Alumni Early Career Profiles - Keith Schon
|Education:||B.S., Mathematics and Ecology and Evolutionary Biology, The University of Arizona, 1997
M.S., Mathematics, Stanford University, 1999
|Position:||Sr. Software Engineer
Since late 2004, I've been working at a start-up company called Cataphora. We analyze the unstructured electronic data that all of us create on a daily basis (email, IMs, system logons, etc.) to reconstruct patterns of behavior, both for individuals and for organizations. Most of our business involves civil or criminal litigation, or internal investigations in large organizations.
The amount of information generated (and stored) by the average US worker is growing exponentially, and the amount of information a single person can read and understand is not. This means that applications which require organizing and understanding all that data — for example, responding to a subpoena — are constantly getting more expensive. I write software to help with this. We provide fine-grained categorization of data, analyze organizational structure in terms of command structure and information flow, detect normal process workflows and deviations from them, and detect attempts to delete evidence. In some cases, we detect attempts to avoid leaving evidence in the first place.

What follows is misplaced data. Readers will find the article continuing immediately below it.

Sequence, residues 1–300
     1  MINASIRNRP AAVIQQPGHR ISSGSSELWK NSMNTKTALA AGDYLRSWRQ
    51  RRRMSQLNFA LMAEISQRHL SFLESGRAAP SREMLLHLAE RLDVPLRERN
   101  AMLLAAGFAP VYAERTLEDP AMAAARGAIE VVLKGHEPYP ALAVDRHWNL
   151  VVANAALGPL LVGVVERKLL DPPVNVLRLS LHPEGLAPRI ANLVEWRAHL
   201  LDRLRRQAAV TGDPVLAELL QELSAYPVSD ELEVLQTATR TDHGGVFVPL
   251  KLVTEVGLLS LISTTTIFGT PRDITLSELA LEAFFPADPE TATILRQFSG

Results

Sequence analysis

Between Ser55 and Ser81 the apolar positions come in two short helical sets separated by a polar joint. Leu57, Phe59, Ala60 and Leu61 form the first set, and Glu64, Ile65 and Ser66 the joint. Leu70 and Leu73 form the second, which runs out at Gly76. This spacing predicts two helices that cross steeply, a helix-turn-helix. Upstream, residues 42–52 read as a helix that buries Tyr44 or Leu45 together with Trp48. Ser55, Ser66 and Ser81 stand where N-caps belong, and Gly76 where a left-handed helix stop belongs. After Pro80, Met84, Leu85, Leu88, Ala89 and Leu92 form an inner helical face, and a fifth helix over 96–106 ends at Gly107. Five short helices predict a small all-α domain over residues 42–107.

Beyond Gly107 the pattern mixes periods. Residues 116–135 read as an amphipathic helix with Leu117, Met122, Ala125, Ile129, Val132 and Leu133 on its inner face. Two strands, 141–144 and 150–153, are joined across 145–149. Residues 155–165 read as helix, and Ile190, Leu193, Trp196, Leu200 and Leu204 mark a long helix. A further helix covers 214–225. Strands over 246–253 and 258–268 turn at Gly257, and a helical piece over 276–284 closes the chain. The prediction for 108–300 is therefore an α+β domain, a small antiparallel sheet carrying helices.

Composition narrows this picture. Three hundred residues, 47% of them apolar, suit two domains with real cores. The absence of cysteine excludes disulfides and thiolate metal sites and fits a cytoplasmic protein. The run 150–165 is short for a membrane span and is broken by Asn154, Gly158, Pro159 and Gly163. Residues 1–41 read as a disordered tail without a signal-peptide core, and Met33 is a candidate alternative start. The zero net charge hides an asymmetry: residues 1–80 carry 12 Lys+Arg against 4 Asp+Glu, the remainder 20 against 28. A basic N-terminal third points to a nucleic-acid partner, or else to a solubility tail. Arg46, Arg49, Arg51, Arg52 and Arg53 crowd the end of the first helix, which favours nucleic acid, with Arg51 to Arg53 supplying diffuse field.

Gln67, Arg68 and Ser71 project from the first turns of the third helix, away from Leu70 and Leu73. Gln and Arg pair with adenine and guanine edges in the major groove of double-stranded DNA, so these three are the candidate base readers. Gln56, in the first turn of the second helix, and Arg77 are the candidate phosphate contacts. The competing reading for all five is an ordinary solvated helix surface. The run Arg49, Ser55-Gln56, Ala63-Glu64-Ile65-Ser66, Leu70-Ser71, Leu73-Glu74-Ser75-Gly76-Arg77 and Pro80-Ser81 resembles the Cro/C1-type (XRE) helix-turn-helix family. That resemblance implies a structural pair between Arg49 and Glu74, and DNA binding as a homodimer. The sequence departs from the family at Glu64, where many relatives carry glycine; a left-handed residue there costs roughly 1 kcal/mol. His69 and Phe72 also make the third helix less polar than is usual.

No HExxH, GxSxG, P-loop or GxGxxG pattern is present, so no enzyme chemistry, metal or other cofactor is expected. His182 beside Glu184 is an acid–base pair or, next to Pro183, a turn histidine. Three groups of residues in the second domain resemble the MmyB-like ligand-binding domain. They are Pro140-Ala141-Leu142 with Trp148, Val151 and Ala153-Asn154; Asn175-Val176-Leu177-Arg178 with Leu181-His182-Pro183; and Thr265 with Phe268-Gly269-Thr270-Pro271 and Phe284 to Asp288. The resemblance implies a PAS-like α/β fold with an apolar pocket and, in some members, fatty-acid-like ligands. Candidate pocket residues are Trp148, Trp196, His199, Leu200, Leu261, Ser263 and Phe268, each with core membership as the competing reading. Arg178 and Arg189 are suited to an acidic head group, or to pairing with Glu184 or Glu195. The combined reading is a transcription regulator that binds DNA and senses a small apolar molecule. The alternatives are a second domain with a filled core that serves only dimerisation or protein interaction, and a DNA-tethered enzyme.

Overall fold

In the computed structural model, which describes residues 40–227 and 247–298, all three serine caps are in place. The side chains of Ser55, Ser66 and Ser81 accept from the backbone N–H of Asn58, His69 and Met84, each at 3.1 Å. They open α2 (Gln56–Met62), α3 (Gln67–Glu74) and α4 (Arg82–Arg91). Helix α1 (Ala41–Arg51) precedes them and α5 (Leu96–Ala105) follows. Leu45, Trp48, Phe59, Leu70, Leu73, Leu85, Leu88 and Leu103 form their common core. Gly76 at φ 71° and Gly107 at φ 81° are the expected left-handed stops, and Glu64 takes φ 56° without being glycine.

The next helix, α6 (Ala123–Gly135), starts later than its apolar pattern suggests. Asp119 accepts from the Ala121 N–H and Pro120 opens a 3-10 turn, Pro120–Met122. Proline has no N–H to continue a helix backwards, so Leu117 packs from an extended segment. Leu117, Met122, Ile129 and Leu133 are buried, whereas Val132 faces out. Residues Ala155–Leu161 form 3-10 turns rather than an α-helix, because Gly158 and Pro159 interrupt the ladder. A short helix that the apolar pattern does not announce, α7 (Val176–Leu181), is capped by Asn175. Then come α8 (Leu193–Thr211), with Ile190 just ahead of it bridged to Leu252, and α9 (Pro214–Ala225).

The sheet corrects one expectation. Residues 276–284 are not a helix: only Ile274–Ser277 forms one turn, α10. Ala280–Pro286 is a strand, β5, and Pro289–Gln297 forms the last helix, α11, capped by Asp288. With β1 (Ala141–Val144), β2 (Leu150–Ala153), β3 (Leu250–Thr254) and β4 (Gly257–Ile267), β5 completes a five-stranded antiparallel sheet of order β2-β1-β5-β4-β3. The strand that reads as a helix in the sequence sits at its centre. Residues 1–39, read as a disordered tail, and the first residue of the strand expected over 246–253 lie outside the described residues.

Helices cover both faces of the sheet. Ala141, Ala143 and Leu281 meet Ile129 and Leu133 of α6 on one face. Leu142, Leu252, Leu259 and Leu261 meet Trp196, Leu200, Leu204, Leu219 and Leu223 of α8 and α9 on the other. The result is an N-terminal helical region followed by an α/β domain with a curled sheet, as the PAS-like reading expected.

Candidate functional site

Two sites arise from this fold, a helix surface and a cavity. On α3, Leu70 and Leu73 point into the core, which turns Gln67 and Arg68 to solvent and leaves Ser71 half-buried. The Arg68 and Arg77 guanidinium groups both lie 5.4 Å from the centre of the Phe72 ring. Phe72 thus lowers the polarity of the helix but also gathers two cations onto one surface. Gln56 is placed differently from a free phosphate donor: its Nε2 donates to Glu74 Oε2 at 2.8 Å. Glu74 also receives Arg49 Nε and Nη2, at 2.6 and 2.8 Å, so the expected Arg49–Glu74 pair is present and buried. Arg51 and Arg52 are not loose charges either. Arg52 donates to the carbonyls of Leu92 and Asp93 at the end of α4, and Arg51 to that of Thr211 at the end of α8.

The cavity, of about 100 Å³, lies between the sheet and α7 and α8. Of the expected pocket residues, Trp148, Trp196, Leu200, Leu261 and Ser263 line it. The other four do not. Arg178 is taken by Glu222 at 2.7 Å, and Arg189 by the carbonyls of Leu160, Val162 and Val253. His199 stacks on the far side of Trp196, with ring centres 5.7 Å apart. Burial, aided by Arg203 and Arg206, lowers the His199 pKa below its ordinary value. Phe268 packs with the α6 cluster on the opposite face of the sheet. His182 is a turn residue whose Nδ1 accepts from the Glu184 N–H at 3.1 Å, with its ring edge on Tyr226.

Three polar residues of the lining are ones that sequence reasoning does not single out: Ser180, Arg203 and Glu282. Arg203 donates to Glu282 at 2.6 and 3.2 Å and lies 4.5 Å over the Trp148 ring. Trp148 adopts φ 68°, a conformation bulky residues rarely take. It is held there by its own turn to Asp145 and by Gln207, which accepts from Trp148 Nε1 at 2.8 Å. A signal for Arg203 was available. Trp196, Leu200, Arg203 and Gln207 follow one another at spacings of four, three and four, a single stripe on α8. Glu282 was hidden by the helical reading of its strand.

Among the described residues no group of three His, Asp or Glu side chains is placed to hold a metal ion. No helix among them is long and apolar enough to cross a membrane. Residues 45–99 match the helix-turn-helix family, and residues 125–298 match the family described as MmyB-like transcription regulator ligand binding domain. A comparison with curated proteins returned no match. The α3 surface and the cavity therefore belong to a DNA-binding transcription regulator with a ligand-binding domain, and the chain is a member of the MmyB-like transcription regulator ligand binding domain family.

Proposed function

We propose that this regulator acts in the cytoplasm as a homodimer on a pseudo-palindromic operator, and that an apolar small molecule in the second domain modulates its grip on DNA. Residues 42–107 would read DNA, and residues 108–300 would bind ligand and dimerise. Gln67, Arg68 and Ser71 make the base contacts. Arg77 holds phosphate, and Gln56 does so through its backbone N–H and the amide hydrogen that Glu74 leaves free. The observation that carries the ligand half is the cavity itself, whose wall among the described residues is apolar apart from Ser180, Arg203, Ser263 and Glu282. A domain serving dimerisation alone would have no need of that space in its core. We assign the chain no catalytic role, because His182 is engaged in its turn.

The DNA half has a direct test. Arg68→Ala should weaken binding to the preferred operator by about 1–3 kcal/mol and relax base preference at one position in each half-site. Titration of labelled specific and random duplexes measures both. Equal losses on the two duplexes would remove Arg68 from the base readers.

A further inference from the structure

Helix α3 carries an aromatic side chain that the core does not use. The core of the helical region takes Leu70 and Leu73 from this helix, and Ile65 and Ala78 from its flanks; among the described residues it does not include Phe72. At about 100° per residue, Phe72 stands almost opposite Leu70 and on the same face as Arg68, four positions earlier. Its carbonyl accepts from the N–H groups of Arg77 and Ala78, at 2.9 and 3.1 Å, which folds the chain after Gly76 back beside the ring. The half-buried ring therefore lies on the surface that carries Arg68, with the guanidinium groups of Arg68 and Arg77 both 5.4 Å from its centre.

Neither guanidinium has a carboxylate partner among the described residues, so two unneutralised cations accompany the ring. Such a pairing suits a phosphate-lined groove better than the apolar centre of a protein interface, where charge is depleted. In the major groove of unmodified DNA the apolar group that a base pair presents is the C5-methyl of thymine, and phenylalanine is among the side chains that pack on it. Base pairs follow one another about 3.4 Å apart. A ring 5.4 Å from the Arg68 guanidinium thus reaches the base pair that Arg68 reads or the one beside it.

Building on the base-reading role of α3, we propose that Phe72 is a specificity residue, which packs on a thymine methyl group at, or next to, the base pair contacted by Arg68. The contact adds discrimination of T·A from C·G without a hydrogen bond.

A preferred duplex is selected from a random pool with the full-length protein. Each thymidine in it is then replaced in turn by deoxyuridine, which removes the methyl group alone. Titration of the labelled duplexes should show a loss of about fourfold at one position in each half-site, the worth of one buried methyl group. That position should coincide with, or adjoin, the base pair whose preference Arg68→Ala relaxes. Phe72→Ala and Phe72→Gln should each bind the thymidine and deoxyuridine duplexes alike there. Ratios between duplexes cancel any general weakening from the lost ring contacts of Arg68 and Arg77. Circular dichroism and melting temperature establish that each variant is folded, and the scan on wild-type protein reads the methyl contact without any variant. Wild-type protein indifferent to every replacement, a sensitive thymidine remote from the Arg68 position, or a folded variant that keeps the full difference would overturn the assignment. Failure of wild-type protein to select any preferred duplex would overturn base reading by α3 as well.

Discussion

I received my B.S. from the University of Arizona in 1997 with majors in Mathematics and in Ecology and Evolutionary Biology. I also received a M.S. in Mathematics from Stanford in 1999. My work involves graph theory, abstract algebra (lattice theory and linear algebra), probability, and statistics. Many of my coworkers have backgrounds in computational linguistics and social network theory as well.
It's fascinating to work on the leading edge of what is possible. This is especially true because we are in a field that affects so many people. The ethical and logistical aspects of this sort of data analysis are still being worked out by society, and I have a chance to affect how these technologies are used.
My advice to a math student thinking about his/her future career is to look for subjects you're excited about. Some classes you take will provide skills that are applicable in all sorts of different environments, for instance statistics and computer programming. You're less likely to use some other mathematical subjects directly (although you never know), but if you're excited about them you'll do interesting things with them. A lot of employers are looking for candidates who have learned strong mathematical problem solving skills and have shown that they can do original work. That can be worth more than having a specific skill set, depending on the situation.